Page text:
Support The Moscow Times!

Russia's Ruble Opens Weak as Oil Price Drops

Russian rubles and kopecks coins are pictured in a handmade casket made from birch bark in Krasnoyarsk, Siberia.

The Russian ruble opened 1.8 percent weaker against the dollar on Tuesday pressured by a continuing decline in the oil price and fears that agency Standard & Poor's could downgrade the country's rating in coming days.

The Russian currency tracked international oil benchmark Brent, which was down 4 percent on Tuesday morning to a nearly six-year low of $45.50 per barrel.

At 0708 GMT, the ruble was 1.8 percent down against the dollar at 64.34 rubles and 2 percent weaker against the euro at 76.25.

S&P said last month it expected to complete a review of Russia, which it already rates at just one notch above junk with a negative outlook, by mid-January.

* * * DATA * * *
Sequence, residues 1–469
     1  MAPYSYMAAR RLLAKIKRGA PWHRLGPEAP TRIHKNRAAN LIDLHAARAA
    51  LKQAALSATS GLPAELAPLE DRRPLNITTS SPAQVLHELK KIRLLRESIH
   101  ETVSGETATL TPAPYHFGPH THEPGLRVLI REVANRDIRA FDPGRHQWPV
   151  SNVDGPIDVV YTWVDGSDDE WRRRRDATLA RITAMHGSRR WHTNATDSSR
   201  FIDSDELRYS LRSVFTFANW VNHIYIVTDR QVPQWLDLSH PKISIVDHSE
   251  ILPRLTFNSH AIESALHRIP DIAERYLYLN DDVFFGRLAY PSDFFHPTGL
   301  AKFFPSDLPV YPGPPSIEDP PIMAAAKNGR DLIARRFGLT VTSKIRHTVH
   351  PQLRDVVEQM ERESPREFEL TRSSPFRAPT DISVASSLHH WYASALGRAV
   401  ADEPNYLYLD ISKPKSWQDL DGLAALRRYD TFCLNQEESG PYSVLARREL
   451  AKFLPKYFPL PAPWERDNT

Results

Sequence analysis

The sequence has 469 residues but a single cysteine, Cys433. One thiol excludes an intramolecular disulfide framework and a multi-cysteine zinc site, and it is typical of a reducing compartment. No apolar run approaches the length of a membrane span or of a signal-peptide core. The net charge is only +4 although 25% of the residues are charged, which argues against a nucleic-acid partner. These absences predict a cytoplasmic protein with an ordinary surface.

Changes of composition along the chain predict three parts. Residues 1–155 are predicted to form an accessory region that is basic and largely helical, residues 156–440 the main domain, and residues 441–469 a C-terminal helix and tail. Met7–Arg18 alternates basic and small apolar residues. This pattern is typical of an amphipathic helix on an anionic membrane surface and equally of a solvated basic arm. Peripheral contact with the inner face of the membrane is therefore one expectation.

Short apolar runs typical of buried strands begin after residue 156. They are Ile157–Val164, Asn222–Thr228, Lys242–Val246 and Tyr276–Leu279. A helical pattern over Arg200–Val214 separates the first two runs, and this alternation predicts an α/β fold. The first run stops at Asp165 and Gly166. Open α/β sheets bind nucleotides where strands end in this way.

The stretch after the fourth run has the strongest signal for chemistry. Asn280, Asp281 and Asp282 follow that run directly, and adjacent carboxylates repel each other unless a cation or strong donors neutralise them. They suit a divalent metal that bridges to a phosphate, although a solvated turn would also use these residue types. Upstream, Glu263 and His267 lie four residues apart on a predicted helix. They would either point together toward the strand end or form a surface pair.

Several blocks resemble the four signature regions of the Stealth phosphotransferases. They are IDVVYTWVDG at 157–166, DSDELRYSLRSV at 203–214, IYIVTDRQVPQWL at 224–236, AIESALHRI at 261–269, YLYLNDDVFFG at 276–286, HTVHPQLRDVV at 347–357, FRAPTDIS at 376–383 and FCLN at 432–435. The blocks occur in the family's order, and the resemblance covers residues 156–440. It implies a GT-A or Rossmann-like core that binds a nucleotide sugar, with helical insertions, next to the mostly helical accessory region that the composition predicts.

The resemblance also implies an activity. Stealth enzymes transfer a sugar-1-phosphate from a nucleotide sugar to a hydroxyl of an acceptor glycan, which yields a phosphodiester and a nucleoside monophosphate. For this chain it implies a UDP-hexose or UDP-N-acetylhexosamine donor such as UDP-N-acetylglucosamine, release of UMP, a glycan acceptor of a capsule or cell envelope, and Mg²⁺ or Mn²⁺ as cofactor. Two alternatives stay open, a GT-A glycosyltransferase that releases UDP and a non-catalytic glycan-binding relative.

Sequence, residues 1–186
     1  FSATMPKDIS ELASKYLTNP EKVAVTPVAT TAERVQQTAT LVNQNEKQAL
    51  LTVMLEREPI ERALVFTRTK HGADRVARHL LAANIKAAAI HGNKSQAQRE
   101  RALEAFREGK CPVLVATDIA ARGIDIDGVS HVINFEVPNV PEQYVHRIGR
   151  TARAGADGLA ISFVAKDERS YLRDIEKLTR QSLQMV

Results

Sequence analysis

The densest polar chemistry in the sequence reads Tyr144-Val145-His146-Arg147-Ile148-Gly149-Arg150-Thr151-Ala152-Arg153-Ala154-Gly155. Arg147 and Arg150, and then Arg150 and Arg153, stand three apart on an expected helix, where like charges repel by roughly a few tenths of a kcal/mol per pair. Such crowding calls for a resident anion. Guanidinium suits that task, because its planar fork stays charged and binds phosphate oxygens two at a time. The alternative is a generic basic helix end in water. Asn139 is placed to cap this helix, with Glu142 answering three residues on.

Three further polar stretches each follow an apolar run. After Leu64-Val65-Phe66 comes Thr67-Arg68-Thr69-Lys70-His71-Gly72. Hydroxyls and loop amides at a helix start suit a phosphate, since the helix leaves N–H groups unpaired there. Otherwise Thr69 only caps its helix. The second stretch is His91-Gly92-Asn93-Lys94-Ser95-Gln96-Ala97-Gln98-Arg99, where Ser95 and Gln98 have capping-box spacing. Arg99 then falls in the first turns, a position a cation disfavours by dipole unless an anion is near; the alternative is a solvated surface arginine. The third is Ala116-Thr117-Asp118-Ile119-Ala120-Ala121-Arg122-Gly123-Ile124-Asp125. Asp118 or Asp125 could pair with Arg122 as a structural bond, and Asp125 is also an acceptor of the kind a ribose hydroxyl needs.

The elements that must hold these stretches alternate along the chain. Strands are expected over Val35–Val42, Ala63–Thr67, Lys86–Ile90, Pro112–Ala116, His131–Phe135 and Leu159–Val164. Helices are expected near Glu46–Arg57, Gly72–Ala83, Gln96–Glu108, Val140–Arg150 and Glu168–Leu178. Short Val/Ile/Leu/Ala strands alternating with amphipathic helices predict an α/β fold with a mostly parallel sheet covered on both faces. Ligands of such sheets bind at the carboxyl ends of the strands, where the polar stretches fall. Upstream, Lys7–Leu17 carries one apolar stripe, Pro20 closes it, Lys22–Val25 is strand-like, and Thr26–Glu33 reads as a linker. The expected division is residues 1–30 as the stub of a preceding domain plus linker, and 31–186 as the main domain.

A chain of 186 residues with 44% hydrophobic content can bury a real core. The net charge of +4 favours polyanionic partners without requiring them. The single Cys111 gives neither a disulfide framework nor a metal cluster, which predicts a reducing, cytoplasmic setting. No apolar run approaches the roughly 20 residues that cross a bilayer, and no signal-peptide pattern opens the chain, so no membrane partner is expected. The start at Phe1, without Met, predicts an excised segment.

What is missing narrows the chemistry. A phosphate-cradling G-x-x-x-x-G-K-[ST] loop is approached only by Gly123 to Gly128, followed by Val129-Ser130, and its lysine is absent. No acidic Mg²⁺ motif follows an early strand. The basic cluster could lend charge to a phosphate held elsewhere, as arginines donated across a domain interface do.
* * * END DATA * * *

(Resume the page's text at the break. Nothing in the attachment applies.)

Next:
ING analyst Dmitry Polevoy said in a note that the ruble could expect support later in the month from revenue sales by exporters which should start to pay taxes after Jan. 15.

But he added that without a rise in oil price it was likely to continue weakening in the short term to 65 rubles a dollar.

The ruble could also be supported by lower foreign-currency debt payments, estimated at less than $7.5 billion in January, down from $33 billion in December.

Russian stock indexes also fell: the ruble-based MICEX index was down 0.4 percent at 1,507 points, while the dollar-based RTS was down 2.55 percent at 737 points.

Read more

Independent journalism isn’t dead. You can help keep it alive.

As the only remaining independent, English-language news source reporting from Russia, The Moscow Times plays a critical role in connecting Russia to the world.

Editorial decisions are made entirely by journalists in our newsroom, who adhere to the highest ethical standards. We fearlessly cover issues that are often considered off-limits or taboo in Russia, from domestic violence and LGBT issues to the climate crisis and a secretive nuclear blast that exposed unknowing doctors to radiation.

As we approach the holiday season, please consider making a one-time donation — or better still a recurring donation — to The Moscow Times to help us continue producing vital, high-quality journalism about the world’s largest country.